The 2001 jury was unanimous in its decision: CanWest Global Communications Corp.’s Executive Chairman, Israel Asper, O.C., was the winner of the Edmund C. Bovey Award for leadership support of the arts, presented annually by The Council for Business and the Arts in Canada (CBAC).
“Izzy Asper exemplifies the qualities we celebrate in the Bovey Award,” says CBAC President Sarah Iley. “He’s a remarkable Canadian entrepreneur who has ensured that the company of which he is the majority shareholder makes a significant contribution to improving our quality of life. CanWest Global sponsors all kinds of arts activities and events, from ballet to jazz, and the Executive Chairman himself is a renowned donor and volunteer fund raiser.”
It was this combination of corporate and personal leadership that so impressed the jury. Drawn from both the business and arts sectors, the jury adjudicated nominations for the annual award that were jointly put forward by arts organizations and businesses across Canada.
While there were many impressive nominees whose business success had enabled outstanding personal philanthropy, Mr. Asper seamlessly blends the two. For example, while his company’s foundation provided half a million dollars as the lead gift to build Winnipeg’s outdoor stage in Assiniboine Park, Asper went on to personally lead the fund raising campaign for an endowment to ensure it could provide audiences with free performances in perpetuity. “The Lyric” stage is both a remarkable corporate investment in community as well as a personal labour of love: it is named after the movie theatre Asper’s father ran in Minnedosa, Manitoba .
Mr. Asper was nominated by the Manitoba Theatre for Young People, and seconded by CBAC Member James Richardson & Sons. President & CEO, Hartley Richardson, wrote, “In my view, his commitment to the arts in Manitoba has assisted in creating a unique atmosphere here, and as a result, I believe no other province our size has such a rich cultural community.”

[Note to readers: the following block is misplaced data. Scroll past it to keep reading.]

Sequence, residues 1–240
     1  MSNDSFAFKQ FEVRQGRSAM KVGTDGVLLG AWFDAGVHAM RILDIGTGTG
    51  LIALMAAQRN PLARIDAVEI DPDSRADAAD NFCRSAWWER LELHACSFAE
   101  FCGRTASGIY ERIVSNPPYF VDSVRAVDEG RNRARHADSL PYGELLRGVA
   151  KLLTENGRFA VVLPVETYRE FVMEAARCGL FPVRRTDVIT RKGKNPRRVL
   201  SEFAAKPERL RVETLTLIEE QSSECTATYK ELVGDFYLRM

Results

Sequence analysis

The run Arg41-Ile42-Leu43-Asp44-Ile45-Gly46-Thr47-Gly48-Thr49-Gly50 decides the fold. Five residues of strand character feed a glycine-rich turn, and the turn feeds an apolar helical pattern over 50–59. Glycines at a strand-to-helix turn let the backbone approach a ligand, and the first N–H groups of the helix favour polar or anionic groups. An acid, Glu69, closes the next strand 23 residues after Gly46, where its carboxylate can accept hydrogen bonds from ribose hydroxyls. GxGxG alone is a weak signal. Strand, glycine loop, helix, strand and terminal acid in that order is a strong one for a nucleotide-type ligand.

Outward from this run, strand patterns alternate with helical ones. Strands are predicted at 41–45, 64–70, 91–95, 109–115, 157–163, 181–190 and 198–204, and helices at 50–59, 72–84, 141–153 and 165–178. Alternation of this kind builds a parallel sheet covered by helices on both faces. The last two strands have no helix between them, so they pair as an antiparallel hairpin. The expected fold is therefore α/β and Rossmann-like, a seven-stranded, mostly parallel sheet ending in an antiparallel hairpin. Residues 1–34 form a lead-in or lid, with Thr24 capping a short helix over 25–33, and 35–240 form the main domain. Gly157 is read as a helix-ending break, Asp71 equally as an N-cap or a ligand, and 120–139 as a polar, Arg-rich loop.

The Edmund C. Bovey Award was presented to Israel Asper at a special celebration in Winnipeg this fall.
True to form, Asper divided his prize money in two, and then tripled it as he gave it away. He presented a cheque for half his winnings – $10,000 – to the Manitoba Theatre for Young People – and then matched it with a $10,000 cheque of his own. The remaining $10,000 in prize money went to the Endowment Fund for free concerts at The Lyric Stage in Assiniboine Park. Again, Asper matched it, and this time, under an agreement with the Winnipeg Foundation, that total gift was also matched.
“Not bad for a non-fundraising dinner to generate a net donation of $60,000 for the arts community,” he said.
Asper literally put his money behind his words. In his acceptance speech, he had spoken eloquently of “the need for individuals and businesses with the financial capacity to take more responsibility for the financing and responsible governance of the arts ..- the soul and humanizing aspect of our incredible society.”
“Our new objective must be not to just maintain or even increase our personal support for the arts,” he said. “It is to double and triple our army of colleagues in this magnificent enterprise. We must now all become missionaries, sales persons and recruiters.”